Speaking of power: You shouldn’t get too wet at the beach or pool, as the IPX class only goes up to level 4 (protection against splashing water). But you don’t need to change position while dozing on the sun lounger, as there are two small buttons on the top of each earpiece that can be used to call up a complete set of media and telephone control functions. However, in practice, these are very fiddly to operate as they are very small and also – depending on the shape of your ears – get in the way of the bulge of the outer ear. The situation is different when the in-ears sit in the ear: Once you have chosen the pair that best suits you from the six pairs of ear moulds that are supplied, the FW3 are comfortable to wear for hours on end. Important: When adjusting the volume via the earpieces, you need to realise that you are not (!) adjusting the volume of the player but that of the integrated amplifier. Therefore, for example, it is possible that you can set the volume on your mobile phone to full, and the in-ears will remain silent (and vice versa).

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FiiO app

Many functions have been packed into the FiiO Control app, which is available for free download for both iOS and Android. There are many settings available in the app, from battery protection (charging only up to 80%), the optional gamer mode (reduced latency), setting the time until standby when not in use, to the preferred Bluetooth codec (aptX, AAC, LHDC). The option to adjust the balance between the two in-ears and between calls and signal tones is something that is also far too rare with other headphones. However, when the equaliser is called up, it becomes clear why FiiO aims to be in the hi-fi segment; there are ten frequency bands available to adjust the sound to suit personal preferences. The range of functions has been slightly limited compared to the FW5, however, and it is not possible to switch between the two characteristics of peak and shelf, which is a real shame. Shelving filters are, of course, the method of choice for making smooth frequency adjustments, especially in the high and low-frequency range. The operating frequency, the Q factor (0.25 – 8) and the level range (+/- 12 dB) are also adjustable. And things can get really nerdy as it is even possible to select the algorithm of the global high-pass filter. There are four models here, allowing you to switch between steep and soft slopes and phase-linear or adaptive behaviour.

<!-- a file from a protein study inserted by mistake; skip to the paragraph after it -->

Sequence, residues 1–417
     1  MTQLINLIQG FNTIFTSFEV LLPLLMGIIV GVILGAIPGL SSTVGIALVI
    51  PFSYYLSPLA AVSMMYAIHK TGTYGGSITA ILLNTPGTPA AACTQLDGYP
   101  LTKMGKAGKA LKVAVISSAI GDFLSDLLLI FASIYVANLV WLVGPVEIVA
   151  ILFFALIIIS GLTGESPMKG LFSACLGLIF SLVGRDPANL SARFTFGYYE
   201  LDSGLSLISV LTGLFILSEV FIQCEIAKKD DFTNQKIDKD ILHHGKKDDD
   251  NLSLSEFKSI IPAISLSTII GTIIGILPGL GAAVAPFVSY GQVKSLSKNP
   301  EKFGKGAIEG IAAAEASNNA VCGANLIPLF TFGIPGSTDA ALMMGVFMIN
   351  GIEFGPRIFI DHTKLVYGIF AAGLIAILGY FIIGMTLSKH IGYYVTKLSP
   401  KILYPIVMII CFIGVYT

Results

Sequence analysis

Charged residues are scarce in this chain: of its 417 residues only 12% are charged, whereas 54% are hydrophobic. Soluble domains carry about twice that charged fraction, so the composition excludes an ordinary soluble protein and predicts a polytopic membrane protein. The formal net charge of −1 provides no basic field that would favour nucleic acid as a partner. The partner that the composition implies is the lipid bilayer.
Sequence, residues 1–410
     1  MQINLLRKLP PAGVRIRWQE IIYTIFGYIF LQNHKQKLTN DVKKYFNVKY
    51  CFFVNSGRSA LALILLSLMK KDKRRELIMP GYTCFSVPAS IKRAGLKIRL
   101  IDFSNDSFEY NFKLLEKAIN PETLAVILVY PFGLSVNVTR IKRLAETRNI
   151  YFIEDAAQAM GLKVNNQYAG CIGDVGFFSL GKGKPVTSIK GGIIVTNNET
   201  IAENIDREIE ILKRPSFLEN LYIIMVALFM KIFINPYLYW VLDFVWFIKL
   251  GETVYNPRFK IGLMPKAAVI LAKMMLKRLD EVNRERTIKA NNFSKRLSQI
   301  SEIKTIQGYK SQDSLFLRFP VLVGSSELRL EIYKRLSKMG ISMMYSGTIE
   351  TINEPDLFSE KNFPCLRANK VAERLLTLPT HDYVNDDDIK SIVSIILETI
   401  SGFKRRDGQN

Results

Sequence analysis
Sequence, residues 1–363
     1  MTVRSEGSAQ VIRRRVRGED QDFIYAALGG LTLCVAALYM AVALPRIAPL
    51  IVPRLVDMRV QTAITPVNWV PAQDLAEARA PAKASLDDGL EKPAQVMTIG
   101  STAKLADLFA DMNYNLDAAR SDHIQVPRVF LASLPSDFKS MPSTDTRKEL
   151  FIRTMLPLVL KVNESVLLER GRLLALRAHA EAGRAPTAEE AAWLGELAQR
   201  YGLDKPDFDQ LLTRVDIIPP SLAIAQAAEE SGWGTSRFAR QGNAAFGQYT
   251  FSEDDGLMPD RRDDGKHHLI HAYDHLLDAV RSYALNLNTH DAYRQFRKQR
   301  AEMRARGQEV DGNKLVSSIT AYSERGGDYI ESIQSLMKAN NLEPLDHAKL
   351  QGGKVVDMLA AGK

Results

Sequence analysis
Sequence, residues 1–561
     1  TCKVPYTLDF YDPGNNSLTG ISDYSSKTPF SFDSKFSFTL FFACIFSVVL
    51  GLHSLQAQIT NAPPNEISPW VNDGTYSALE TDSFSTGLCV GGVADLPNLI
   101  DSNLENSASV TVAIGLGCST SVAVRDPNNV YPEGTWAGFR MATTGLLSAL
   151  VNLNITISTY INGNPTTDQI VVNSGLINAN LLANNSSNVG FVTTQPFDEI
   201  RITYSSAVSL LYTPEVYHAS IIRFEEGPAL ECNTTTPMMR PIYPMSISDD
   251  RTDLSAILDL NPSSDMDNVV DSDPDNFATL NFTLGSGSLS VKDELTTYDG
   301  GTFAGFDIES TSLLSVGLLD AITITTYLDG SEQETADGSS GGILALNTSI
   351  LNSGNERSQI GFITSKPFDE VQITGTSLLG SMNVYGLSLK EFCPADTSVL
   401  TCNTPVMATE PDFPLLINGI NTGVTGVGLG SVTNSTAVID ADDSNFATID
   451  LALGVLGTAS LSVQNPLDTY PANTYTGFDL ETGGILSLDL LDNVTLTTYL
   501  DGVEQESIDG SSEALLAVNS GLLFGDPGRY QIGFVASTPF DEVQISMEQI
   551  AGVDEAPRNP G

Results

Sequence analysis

In the end, these subtleties can hardly be distinguished acoustically, but it’s still good to have the choice. Incidentally, in the bass range, I personally liked the soft (slow) and phase-linear (delay) characteristics best.

What do the FiiO FW3 sound like?

According to the FiiO press release, the declared aim was to leave out as many sound-colouring components as possible: you will therefore seek in vain for Active Noise Cancelling (ANC), and you won’t find factory DSP optimisation of the headphones either. This means you are listening to the largely unadulterated sound of the dynamic 10-millimetre driver.